A Girls Band from Mount Gilead, Ohio
29 January 2011
Posted by Mike Brubaker
This cabinet card photo of a Ladies Band comes from Mount Gilead, Ohio, a small village just north of Columbus. It may have been promotional material for advertising the band, as it looks like a professional group, but there are no names attached. The girls wear trim military-like dresses with matching hats. The man on the right, undoubtedly the leader, sports a fancy embroidered coat but a hat that seems one size too small. My guess is that the girl next to him is his daughter. Compare this band to Mr. Gierk's Ladies Band. Ladies Band of Richmond, MI
As brass bands go, it is pretty small with only 6 brass instruments and two drummers. The girls hold piston valve instruments, which are probably a matched set. But the bandleader holds a high pitch solo cornet - a side action rotary valve cornet in Eb, which was a style popular in 1860-1870s. You can find a similar one here at the National Music Museum. Pollmann SARV Cornet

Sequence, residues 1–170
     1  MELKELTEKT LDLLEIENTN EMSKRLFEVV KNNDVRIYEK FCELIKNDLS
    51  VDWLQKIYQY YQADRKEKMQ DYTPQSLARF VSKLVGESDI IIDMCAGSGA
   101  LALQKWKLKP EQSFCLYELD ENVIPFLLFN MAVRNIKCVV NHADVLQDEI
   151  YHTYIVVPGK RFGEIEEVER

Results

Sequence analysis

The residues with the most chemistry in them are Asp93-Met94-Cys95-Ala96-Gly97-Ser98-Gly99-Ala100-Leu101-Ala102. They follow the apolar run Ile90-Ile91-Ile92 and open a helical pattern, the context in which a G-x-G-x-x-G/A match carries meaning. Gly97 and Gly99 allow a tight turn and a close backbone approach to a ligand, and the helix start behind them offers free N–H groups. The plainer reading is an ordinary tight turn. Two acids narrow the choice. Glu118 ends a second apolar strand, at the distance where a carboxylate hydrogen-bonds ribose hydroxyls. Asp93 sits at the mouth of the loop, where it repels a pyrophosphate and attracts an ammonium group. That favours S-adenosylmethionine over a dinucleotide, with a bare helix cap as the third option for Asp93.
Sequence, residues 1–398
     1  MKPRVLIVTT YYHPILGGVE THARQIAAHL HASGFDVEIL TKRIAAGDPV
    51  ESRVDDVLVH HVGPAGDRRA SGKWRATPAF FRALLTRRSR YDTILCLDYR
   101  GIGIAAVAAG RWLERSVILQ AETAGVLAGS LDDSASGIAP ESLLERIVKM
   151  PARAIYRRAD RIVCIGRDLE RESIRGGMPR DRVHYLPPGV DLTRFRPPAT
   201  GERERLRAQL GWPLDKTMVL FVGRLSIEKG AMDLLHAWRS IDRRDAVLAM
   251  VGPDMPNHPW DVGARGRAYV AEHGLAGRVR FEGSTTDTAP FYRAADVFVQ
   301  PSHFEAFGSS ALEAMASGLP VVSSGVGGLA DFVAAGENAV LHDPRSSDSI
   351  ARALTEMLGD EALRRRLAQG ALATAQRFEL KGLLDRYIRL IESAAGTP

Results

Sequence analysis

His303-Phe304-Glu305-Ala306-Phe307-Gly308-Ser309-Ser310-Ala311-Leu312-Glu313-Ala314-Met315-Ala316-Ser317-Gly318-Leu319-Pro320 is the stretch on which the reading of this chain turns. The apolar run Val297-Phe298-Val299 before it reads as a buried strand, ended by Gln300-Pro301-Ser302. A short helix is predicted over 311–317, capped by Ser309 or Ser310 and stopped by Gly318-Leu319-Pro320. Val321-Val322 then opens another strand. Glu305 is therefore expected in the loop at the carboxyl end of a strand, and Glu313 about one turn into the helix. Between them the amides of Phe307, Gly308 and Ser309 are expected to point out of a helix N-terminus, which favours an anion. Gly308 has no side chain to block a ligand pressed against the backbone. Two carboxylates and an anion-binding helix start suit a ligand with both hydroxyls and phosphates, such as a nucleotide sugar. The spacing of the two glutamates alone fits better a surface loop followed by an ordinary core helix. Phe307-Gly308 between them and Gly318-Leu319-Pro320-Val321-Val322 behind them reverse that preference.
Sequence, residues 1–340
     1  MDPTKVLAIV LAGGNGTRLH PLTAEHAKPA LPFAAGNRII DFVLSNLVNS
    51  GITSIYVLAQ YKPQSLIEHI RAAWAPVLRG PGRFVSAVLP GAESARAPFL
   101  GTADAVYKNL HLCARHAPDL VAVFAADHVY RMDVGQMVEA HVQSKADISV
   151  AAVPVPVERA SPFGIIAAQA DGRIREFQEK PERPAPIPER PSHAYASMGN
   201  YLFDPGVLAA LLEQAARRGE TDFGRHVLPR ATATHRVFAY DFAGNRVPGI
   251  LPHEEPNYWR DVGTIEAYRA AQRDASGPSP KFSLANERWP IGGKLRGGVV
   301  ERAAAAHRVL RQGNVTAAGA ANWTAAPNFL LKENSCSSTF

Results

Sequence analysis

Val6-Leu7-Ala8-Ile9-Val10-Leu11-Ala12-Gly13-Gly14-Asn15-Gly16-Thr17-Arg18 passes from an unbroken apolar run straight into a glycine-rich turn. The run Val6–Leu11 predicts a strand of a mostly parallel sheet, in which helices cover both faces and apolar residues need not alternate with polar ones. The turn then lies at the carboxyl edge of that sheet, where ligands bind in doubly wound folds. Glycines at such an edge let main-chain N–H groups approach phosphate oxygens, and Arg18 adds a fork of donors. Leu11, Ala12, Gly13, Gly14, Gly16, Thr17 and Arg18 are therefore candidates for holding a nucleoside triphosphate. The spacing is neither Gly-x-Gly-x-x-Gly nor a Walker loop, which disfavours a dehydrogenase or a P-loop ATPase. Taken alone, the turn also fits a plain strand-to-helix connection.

The 1880 US Census for Mount Gilead lists Theo. Brown photographer, age 33 with wife Anna Brown, age 22. A photographer of the same name appears also in the 1870 census, but for Mt. Vernon, Ohio, which is in the next county just east. There are no census records found for this particular Theodore Brown for 1890 or 1900. But it seems safe to date this photo to around 1880-85.
One of the curious features of the 1880 census is the requirement that census-takers should record the health of each person, and whether they can work. So after each name comes their age, birthplace, occupation, and a remark about how they are feeling today. Mr. Jones - broken leg, still working; Mrs. Smith - at home, bronchitis; Mr. White - retired, rheumatism; etc. But people were listed as deaf, blind, or with other handicaps too. Several farmers are noted as Wore Out; and a few sons - Not Bright.
My contribution to Sepia Saturday